Geombinatorics 11(2002), 111 – 114 NO-NET POLYHEDRA Branko Grünbaum Department of Mathematics, Box 354350 University of Washington, Seattle, WA 98195-4350 e-mail: [email protected] Dedicated with admiration and love to H.S.M. Coxeter on his 95th birthday 1. Introduction. It is often said that when the conditions are right, discoveries are made by different people at the same time. The discovery of the non-Euclidean geometry, and the invention of calculus are the most frequently mentioned examples. Here is another example (with an incomparably less significant subject) which I noticed recently. My note [4] described a starshaped polyhedron which admits no "net", as this term is understood by anybody building cardboard models of polyhedra. The note was motivated by the paper of Tarasov [7] published in 1999. Tarasov constructed a no-net starshaped polyhedron with convex faces, and thereby solved a problem posed by N. G. Dolbilin. (Throughout this note, we consider only starshaped polyhedra with convex faces. All nets are assumed to be obtained by cuts along the edges of the polyhedra in question.) After the publication of [4] I became aware of the paper [1], also published in 1999, in which a different no-net polyhedron is constructed. While preparing the present note, a message from Craig Kaplan led me to the more detailed account [2] of the results of [1]; this seems not to have been published in print so far, but is available on the Internet. Various no-net polyhedra are presented there, including one with only 24 faces. Another result of [2] is an affirmative resolution of Conjecture 2 of [4], establishing the existence of no-net polyhedra with only triangles as faces. The main purpose of this note is to present a no-net polyhedron with only 13 faces; this is done in Section 2. Section 3 discusses certain related questions, as well as some other remarks. 2. A small no-net polyhedron. We shall show: Theorem. There exist convex-faced, starshaped no-net polyhedra with 13 faces. Proof. A polyhedron establishing this result is shown in Figure 1(a). It is constructed as follows. We start from a sufficiently tall pyramid, with an equilateral triangle as basis. This is truncated at each of the basis vertices, to obtain a polyhedron with seven faces –– three triangles, three pentagons and one hexagon. This step is shown in Figure 1(b), where the pyramid is pointed downwards for easier visualization. The construction is completed by replacing each of the three triangles by the mantle of a tall pyramid, resulting in the polyhedron of Figure 1(a). To complete the proof we have to show that this polyhedron does not have a net. Due to the small number of faces, this is very easy. We note first that the hexagonal face could be connected in the net to one or more pentagonal faces either directly, or via the triangles. However, as evident from the first part of Figure 2, the hexagon would overlap any pentagon to which it would be connected via triangles. (Note that, for simplicity, the edges of the pentagons that meet at the apex of the pyramid are drawn as parallel, as are the long sides of the triangles. Since the overlap has interior points, any sufficiently tall pentagons and triangles would would lead to the same kind of overlap.) Similarly unacceptable is connecting two of the pentagonal faces via triangles; this is demonstrated by the second part of Figure 2. It follows that the hexagon and the pentagons mut be connected (in a suitable arrangement) to each other. However, this is impossible as well. Indeed, if the hexagon were connected to two pentagons, the configuration of the first part of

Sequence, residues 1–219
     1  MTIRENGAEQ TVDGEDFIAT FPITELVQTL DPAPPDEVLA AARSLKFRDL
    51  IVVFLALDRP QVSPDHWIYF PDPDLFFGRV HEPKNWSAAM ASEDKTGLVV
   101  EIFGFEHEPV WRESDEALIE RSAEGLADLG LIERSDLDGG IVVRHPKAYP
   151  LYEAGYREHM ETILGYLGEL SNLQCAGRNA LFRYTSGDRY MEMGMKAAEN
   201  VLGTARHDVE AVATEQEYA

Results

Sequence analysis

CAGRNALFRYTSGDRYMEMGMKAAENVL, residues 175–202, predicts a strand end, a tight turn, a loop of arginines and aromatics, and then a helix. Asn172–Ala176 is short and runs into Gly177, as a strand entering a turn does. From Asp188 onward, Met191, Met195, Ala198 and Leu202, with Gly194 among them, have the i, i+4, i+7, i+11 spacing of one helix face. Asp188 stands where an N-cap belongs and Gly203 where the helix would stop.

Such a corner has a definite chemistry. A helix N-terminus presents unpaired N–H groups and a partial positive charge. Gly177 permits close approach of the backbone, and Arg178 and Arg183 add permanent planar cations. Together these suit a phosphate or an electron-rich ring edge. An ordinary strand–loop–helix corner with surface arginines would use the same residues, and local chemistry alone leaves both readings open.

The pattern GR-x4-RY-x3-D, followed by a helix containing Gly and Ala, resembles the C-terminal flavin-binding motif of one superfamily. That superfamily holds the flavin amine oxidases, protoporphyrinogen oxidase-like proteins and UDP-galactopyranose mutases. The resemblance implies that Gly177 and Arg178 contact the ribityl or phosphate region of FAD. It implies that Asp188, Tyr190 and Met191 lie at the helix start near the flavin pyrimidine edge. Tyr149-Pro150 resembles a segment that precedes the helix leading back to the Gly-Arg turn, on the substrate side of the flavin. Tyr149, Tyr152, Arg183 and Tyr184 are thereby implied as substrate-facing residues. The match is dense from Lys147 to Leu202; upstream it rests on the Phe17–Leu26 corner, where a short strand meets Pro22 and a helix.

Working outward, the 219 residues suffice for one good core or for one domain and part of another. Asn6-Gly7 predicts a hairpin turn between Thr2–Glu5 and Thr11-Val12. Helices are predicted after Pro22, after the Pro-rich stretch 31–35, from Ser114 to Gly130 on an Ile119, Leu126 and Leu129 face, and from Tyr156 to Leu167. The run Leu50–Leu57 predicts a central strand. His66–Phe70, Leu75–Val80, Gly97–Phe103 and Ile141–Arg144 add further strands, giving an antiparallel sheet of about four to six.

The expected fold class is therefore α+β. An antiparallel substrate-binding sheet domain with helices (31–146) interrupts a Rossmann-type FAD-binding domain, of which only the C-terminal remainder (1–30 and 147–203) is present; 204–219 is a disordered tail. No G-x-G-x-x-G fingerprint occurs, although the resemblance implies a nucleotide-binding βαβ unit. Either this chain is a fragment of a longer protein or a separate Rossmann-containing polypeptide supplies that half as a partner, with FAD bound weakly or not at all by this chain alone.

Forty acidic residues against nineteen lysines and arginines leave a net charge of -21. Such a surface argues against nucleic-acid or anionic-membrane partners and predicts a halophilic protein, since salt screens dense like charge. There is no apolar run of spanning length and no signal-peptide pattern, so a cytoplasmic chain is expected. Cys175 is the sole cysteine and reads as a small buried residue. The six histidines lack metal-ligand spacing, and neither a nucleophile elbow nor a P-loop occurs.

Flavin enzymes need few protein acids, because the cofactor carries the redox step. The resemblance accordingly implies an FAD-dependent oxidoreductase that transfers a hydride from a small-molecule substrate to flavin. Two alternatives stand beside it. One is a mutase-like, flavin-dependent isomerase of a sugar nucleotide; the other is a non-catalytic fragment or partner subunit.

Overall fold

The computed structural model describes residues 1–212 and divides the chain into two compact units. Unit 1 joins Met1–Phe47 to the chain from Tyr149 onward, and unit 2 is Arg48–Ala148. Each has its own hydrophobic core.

(a) (b) Figure 1. (a) A no-net polyhedron with 13 faces. (b) The start of the construction of the no-net polyhedron in part (a). Figure 3 would result, and there would be no way to attach two of the three triangles incident with the three other faces along the heavily drawn edges. But if the hexagon is directly connected to a single pentagon, then the configuration of the second part of Figure 4 is unavoidable, with the same impossibility. Thus, the polyhedron has no net, and the theorem is established. 3. Comments. (i) The conjecture that every convex polygon has a net (which I made in [3] in 1991) was made earlier (in 1987) by Catherine Schevon and Joseph O'Rourke; see [5] (probably also made in [6], which I had no opportunity to see). It is still open and there is no apparent method of attacking it. (ii) The proof of the Theorem in Section 2 is similar to the proof presented in [4]. Due to the small number of faces of the polyhedra in question, it is simpler than the proof in [4]. We may make: Conjecture 1. Every convex-faced starshaped polyhedron with at most 12 faces has a net. In other words, such polyhedra are not no-net polyhedra. Translated in the terminology used in [1] and [2], where no-net polyhedra are said to be "ununfoldable", one may rephrase Conjecture 1 as Conjecture 1*. All convex-faced starshaped polyhedra with at most 12 faces are unununfoldable. (iii) It is well known that every net of any convex polyhedron arises by cuts that form a tree in the graph of edges and vertices of the polyhedron. However, it appears to have been first noted in [2] Figure 2. The hexagon and the pentagons cannot be connected via triangles. that this is not always the case with starshaped polyhedra with convex faces. The cuts may form a forrest with more than one connected component. Clearly, in such a case the net itself is not a simply-connected polygon, but a polygon with one or more polygonal "holes". (The diagrams in Figure 2 of [2] are incomplete, but the omissions can be corrected easily.) The example in [2] has 8 faces, and –– taking into account Conjecture 1 –– we have: Conjecture 2. Every convex-faced starshaped polyhedron with at most 7 faces has a net generated by a cut along the edges of a tree. Conjecture 3. If a convex-faced starshaped polyhedron has a net, it has a net generated by a cut along the edges of a tree.

Figure 3. The direct connections of the hexagon and the pentagons are impossible as well.

References. [1] M. Bern, E. D. Demaine, D. Epstein and E. Kuo, Ununfoldable polyhedra. Proc. 11th Canad. Conf. on Comput. Geom. (CCCG'99), Vancouver, B.C., August 15 - 19. [2] M. Bern, E. D. Demaine, D. Epstein, E. Kuo, A. Mantler and J. Snoeyink, Ununfoldable polyhedra with convex faces. Computational Geometry: Theory and Applications (to appear). (See http://www.cs.unc.edu/~mantler/papers.html ) [3] B. Grünbaum, Nets of polyhedra II. Geombinatorics Vol. 1, No. 3 (1991), 5 - 10. [4] B. Grünbaum, A starshaped polyhedron with no net. Geombinatorics 11(2001), 43 – 48. [5] C. Schevon, Unfolding polyhedra. (A sci.math note, see http://www.ics.uci.edu/~eppstein/gina/unfold.html) [6] C. Schevon, Algorithms for Geodesics on Polytopes. PhD thesis, Johns Hopkins Univ., 1989. [7] A. S. Tarasov, Polyhedra that do not admit natural unfoldings. [In Russian] Uspekhi Mat. Nauk 54(1999), no. 3(327), pp. 185 – 186. Translation: Polyhedra with no natural unfoldings. Russian Math. Surveys 54(1999), no. 3, pp. 656 – 657. MR 2000k:52013.